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Mordo is a really fascinating character because of his beliefs and reasoning for serving under The Ancient One. Like every student he had his own personal pain that he wished to overcome. With Mordo it was his desire to destroy his enemy, which showcases the early signs of his rage and how his view of the world controls his very judgements. Through his own wisdom he tries to teach Stephen the ways of The Ancient One’s world, and that Stephen needs to learn how to fight for the greater good and not bury his head in the ground like the selfish man he once was.

Wong proves to be the most entertaining character as he at first comes across as a stern character than doesn’t crack a smile, showing Stephen that is the latest Liberian and will not allow anyone else to steal The Ancient One’s collection of spells. Of course as Stephen progresses with his knowledge he begins to steal books from right underneath Wong’s nose (literally at one point) through creating portals instantaneously.

Another running joke is Stephen’s attempts to make him laugh through various cheap jokes (mostly comparing his name to celebrities with a one-word title, such as BeyoncĂ©, to which he’s apparently never heard-of [and yet is hilariously listening to her songs in the very next scene]) to which he finally laughs uncontrollably at the end after witnessing Stephen’s outlandish scheme to save the world.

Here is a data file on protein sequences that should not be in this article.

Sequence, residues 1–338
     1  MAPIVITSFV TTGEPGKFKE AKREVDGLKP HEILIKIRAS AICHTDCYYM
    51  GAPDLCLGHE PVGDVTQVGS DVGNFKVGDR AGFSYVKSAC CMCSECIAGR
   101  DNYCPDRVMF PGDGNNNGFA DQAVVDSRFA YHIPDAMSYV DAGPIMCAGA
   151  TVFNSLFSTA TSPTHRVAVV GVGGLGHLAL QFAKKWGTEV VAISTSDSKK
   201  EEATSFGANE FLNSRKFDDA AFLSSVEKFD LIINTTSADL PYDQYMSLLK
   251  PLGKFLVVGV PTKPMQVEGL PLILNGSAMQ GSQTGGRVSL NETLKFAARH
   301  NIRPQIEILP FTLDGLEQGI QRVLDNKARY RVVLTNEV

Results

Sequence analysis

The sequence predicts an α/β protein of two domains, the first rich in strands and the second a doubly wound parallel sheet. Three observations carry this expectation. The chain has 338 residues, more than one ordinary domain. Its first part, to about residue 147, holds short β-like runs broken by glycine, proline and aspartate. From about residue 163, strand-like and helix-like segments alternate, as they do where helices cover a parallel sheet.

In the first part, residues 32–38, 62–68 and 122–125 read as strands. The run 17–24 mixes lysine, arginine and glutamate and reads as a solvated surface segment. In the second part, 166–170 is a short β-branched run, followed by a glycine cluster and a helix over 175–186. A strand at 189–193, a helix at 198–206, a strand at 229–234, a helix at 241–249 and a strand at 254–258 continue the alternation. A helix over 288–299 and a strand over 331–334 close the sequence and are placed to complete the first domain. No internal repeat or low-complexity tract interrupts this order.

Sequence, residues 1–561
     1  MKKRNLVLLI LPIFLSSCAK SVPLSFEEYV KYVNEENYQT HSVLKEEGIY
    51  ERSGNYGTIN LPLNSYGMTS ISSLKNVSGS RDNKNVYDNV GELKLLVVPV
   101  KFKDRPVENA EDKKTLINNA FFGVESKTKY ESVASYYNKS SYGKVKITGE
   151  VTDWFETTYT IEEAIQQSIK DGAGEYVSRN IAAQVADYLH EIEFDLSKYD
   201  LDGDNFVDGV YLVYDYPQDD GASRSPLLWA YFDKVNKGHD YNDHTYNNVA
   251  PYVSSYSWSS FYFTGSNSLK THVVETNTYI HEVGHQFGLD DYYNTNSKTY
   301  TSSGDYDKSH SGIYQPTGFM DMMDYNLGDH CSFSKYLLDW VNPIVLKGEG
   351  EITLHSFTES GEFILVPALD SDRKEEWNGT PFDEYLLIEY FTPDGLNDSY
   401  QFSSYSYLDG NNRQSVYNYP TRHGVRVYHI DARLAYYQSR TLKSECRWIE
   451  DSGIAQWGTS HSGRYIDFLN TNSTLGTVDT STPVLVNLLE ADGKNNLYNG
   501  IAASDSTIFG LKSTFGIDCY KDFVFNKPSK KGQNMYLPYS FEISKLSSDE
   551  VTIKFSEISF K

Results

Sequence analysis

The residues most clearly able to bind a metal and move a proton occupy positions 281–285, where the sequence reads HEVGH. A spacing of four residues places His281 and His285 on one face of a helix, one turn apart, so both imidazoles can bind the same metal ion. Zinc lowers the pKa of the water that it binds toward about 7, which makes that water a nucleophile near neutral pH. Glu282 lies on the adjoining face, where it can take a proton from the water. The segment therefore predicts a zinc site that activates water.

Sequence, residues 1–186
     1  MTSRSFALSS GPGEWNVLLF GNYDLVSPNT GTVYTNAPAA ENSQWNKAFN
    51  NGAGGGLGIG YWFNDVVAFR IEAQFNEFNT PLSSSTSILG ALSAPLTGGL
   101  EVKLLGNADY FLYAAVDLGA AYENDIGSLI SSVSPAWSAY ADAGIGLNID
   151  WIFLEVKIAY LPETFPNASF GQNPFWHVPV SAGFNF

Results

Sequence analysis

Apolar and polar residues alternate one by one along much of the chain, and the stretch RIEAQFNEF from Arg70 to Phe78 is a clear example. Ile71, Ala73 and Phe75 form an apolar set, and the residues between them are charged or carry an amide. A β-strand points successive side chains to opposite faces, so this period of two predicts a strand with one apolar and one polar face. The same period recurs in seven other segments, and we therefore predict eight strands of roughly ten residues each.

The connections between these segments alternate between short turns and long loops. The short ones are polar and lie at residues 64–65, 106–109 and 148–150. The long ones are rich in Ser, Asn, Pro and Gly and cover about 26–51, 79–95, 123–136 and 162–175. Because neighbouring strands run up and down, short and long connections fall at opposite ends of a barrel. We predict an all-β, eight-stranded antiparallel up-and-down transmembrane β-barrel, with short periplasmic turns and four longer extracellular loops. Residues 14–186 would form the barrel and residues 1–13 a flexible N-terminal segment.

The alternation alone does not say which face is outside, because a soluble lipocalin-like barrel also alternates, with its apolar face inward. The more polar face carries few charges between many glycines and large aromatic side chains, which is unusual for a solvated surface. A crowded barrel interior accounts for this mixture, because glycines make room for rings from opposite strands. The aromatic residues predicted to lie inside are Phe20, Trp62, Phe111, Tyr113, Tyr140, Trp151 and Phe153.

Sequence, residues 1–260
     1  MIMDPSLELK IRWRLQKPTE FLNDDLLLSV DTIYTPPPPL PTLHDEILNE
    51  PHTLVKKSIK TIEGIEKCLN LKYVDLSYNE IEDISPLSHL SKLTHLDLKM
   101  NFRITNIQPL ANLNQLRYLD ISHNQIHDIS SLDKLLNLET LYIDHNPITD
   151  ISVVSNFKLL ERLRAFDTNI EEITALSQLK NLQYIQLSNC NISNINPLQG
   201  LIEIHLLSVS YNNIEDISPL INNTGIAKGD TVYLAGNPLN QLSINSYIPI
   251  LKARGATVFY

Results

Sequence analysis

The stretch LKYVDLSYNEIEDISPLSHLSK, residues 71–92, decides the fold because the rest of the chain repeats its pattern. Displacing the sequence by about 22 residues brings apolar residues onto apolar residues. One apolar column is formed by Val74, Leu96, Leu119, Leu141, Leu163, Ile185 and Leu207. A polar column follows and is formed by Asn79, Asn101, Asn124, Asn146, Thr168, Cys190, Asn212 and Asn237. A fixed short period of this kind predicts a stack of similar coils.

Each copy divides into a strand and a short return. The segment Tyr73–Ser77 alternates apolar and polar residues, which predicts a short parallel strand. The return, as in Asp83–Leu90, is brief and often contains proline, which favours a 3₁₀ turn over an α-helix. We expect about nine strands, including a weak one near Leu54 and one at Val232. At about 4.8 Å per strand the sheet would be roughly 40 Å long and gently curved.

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Also, I’m not usually one to side with the argument of “changing genders” but here, I honestly didn’t see the problem. I think for the most part this ridiculous argument usually doesn’t hold any form of merit and often feels forced (along with the fear that the character in-question will be damaged by such a radical concept). But here it affects nothing. If anything, it only makes Doctor Strange a more powerful narrative due to Tilda Swinton‘s incredible performance, bouncing off Benedict Cumberbatch and his equally incredible performance. You found that she was both wise and yet vulnerable in her desires to preserve order in the world, feeling responsible for her needed deception causing her followers to fall into the shadows.

This concept is explored greatly as you see how her struggles as Sorcerer Supreme forces her into some dark corners, ultimately holding back knowledge in order to protect her students not only from its destructive capabilities, but also the truth that she herself uses black magic in order to maintain her existence. It’s a perfect example of “doing the wrong thing for all the right reasons,” made only worse by the villain of the film (Kaecilius) being a by-product of her hypocrisy, laying down the simple groundwork of “what is right and wrong” within the mystical realm.